At the Moore Foundation, we define an outcome as a desired change in people, institutions, or conditions. The term “conditions” can cover a wide range of circumstances. In such areas as patient care or environmental conservation, the outcomes we seek are typically material changes in the world, such as “more lives saved” or “preservation of vital terrestrial and marine ecosystems.” In pursuing change in these domains, we adopt theories of change that characterize strategies designed to achieve the intended outcome, that is, the pathways to reach the pre-defined and desired change in the material world.
Similarly, scientific experiments are designed to reveal truths of nature — test a theoretical prediction, test a hypothesis about a causal relation, or reveal more precise and novel features of the world. Oftentimes, scientific research takes an unexpected turn, experiencing failures and keying off a new observation or insight, and an experiment can lead to unanticipated new knowledge. This is analogous to the ways unexpected obstacles and unanticipated opportunities crop up in other areas of endeavor, such as environmental conservation and patient care.
The story of science is replete with unanticipated and accidental discovery. The most common plastic, polyethylene, was discovered in the late 19th century by German chemists who characterized an unexpected, waxy residue at the bottom of their test tube. Alexander Fleming discovered penicillin in 1928 when he noticed inhibited growth of staphylococcal bacteria in a culture plate that had been contaminated by mold. Albert Szent-Györgyi, the Hungarian biochemist who won a Nobel Prize for the discovery of vitamin C, once observed, “Discovery consists of seeing what everybody has seen and thinking what nobody has thought.” Although incomplete (many discoveries are indeed what no one has previously seen) Szent-Györgyi makes an important point: Discovery and new knowledge arise in the perception, recognition, and interpretation of the discoverer.
We romanticize the isolated genius whose scribbled equations may later be deciphered by lesser mortals as the unification of weak electromagnetic and strong atomic forces. More often, science is a team sport, proceeding in fits and starts, with occasional flashes of Szent-Györgyian insight or genuinely novel observations.
Weaving the tapestry of science
Science builds over time, as a tapestry constantly being woven and re-woven, always with gaping holes and frayed ends. Sometimes, it seems the time is ripe for discovery, as teams of researchers working independently reach the same breakthrough at almost the same time — a headache for the Nobel Prize committee and the patent office. Most often, scientific progress builds on a web of prior scientific discoveries, understandings, and insights that converge at some point in the future to produce yet deeper understanding of the natural world.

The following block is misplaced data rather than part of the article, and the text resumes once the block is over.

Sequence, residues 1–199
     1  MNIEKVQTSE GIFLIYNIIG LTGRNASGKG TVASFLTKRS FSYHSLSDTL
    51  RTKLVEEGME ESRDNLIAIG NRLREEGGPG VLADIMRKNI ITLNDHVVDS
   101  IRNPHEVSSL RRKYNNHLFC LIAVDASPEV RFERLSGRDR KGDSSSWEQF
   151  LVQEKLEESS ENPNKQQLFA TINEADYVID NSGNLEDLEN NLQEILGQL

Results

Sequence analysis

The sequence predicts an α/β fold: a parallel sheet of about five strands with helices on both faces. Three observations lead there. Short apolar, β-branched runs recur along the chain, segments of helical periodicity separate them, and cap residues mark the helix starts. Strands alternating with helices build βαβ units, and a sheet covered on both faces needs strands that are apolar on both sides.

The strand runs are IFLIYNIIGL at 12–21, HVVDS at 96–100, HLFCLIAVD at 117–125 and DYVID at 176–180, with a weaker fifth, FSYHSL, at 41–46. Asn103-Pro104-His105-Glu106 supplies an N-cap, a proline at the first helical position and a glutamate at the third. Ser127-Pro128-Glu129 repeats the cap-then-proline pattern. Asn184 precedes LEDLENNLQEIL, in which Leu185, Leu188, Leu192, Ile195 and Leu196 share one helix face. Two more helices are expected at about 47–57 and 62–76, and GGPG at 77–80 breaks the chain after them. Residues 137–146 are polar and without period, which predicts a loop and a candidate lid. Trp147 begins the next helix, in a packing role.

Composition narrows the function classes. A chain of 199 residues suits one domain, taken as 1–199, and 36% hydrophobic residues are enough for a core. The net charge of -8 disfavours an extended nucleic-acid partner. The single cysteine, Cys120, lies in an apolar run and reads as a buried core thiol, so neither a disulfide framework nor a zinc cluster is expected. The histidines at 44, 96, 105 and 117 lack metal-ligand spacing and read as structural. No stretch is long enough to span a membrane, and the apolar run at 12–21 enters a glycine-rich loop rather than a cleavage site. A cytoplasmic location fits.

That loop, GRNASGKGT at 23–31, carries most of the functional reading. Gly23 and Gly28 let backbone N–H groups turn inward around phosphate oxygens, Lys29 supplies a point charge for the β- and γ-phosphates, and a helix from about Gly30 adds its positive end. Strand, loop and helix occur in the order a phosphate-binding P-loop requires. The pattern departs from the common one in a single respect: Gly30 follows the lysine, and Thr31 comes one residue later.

We believe, and experience teaches, that scientific knowledge ultimately leads to progress in society. However, these eventual, practical improvements are neither the instant motive nor the immediate goal of basic science, which are instead to uncover truths of nature. The eventual, practical benefits typically cannot be known or fully anticipated at the time of discovery.
James Watson, Francis Crick, and Rosalind Franklin were intently focused on deciphering the structure of DNA. They asked the right questions, and they made a dramatic discovery on the object of their intent. The implications were vast, yet unknowable in all their ramifications. There could be no prospective theory of change that would link the demonstration of the double helical structure of DNA to the availability of mRNA vaccines against COVID.
Discovery in science — to reveal truths of nature — is an important goal and for us at the Moore Foundation.
In science, attaining new knowledge is often the objective in itself, and we should embrace basic science for what it is – the surest way to understand the natural world. As expressed in our Statement of Founders’ Intent, “Expanding knowledge is both intellectually satisfying and often of practical value.”
Other domains of our work, such as environmental conservation and patient care typically define desired outcomes in terms of pre-specified change in the material world. Basic scientific discoveries can eventually prove of practical value, but usually in ways that are not specifiable in advance. In any area of our work, the path to a grantee’s success can be tortuous, filled with pitfalls, setbacks, and dead ends; we see such failures as an opportunity to learn and ultimately succeed.
The quest for discovery and new knowledge by no means exhausts the outcomes our foundation seeks in science. We also seek changes in material conditions that undergird and improve science, similar to our endeavors in environmental conservation and patient care, including expanding public understanding of science; bolstering the role of science in policy making; widening experience in science, especially for young and underrepresented groups; expanding open science; encouraging philanthropy in science; and other means of strengthening the enterprise of science in society.
In evaluating our philanthropic activity, we strive to:
- Choose wisely the areas where we can make the most difference.
- Ask the right questions.
- Discern excellence among diverse pools of possible grantees.
- Measure the success of the grantees we support.
- Attain a desired risk-benefit profile, balance across strategies, and focus in our grantmaking.
Measurement of results and reliance on adaptive management, in science as in every domain of interest at the foundation, are cornerstones of philanthropy at the Moore Foundation.